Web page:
A recent Journal of Clinical Oncology study around groups in the United States has shown that the surgical procedure called a vasectomy is neither linked to prostate cancer incidence nor mortality.


There has been a lot of conflicting literature on the association between vasectomy and prostate cancer. Some studies have suggested that vasectomy should shoulder the blame for being one of the biggest contributors to prostate cancer while others have taken the other route of saying its role is questionable. A new study uses evidence derived from research to form the foundation of its input.

Vasectomy is defined as a sterilization-centered surgical procedure of cutting then sealing the vas deferens while prostate cancer incidence speaks to the prevalence of people with the disease. The study, ‘Vasectomy and Prostate Cancer Incidence and Mortality in a Large US Cohort’ was done to end the speculation and uncertainty about whether or not vasectomy is responsible for prostate cancer incidence and even mortality.

The participant pool under the umbrella of vasectomy and prostate cancer mortality included 363,726 men who participated in the Cancer Prevention Study II (CPS-II) group. Out of this pool, the total amount of deaths owing to prostate cancer was 7,451. This was discovered in follow-ups during the period of 1982-2012. Under the second umbrella of vasectomy and prostate cancer incidence, 66,542 men participated in the CPS-II Nutrition Cohort. Notably, this cohort is a subgroup of the CPS-II cohort. 9,133 men during 1992-2011 were diagnosed with prostate cancer. According to the statistical analysis using Cox proportional hazards, in the first group vasectomy was found not guilty of having a relationship with prostate cancer mortality and the verdict was the same for the second charge of having an association with prostate cancer incidence. Therefore, it is safe to say that the results deny that vasectomy is responsible for either prostate cancer incidences or mortality.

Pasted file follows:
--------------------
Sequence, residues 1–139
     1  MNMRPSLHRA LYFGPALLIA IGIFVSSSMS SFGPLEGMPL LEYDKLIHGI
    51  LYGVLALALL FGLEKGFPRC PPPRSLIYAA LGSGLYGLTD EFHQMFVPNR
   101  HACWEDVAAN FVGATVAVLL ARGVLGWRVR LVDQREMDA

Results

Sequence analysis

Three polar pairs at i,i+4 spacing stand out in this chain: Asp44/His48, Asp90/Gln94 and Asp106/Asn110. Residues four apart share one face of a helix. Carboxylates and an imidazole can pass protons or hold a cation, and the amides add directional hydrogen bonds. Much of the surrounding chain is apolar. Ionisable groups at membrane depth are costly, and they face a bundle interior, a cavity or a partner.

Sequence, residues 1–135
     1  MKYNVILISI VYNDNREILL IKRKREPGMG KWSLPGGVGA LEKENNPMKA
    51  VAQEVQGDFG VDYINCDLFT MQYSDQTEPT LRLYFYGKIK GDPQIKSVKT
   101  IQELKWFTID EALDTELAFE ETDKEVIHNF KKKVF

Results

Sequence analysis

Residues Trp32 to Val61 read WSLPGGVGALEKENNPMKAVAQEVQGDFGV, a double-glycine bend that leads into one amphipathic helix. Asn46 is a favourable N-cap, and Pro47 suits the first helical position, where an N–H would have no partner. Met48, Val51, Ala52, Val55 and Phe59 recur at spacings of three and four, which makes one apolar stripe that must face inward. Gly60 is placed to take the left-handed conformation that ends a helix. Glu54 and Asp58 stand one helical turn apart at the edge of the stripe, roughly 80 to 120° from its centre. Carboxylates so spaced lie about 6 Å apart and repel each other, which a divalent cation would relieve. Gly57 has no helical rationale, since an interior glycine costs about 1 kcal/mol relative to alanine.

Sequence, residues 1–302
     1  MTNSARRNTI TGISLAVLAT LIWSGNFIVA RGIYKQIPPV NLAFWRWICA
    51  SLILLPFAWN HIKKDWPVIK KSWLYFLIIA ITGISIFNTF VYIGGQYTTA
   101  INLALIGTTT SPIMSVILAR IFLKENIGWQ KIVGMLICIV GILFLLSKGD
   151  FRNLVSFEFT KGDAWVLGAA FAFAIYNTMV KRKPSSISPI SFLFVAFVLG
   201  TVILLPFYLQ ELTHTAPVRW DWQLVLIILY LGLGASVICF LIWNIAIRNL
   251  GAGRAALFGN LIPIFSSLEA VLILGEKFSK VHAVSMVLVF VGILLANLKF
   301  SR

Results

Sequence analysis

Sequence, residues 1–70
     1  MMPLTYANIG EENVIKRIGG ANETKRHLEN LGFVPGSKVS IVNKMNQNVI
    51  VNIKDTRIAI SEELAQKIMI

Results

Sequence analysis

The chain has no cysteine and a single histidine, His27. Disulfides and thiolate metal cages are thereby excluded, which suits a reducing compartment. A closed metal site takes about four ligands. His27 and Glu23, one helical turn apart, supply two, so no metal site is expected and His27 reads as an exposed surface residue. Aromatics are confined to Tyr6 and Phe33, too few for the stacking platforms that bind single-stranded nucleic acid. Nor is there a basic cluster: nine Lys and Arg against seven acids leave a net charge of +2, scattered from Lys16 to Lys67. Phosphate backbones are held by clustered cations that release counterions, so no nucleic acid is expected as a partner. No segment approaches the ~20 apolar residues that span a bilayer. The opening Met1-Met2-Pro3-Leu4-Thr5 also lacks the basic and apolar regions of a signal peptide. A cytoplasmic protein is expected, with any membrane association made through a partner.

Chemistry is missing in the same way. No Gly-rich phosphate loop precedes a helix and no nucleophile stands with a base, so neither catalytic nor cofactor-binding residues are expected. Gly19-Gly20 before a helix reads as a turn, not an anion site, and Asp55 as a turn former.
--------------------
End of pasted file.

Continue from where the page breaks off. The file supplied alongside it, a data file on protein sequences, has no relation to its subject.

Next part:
Written By: Tarique Plummer, BSc Hons Biochemistry & Biotechnology

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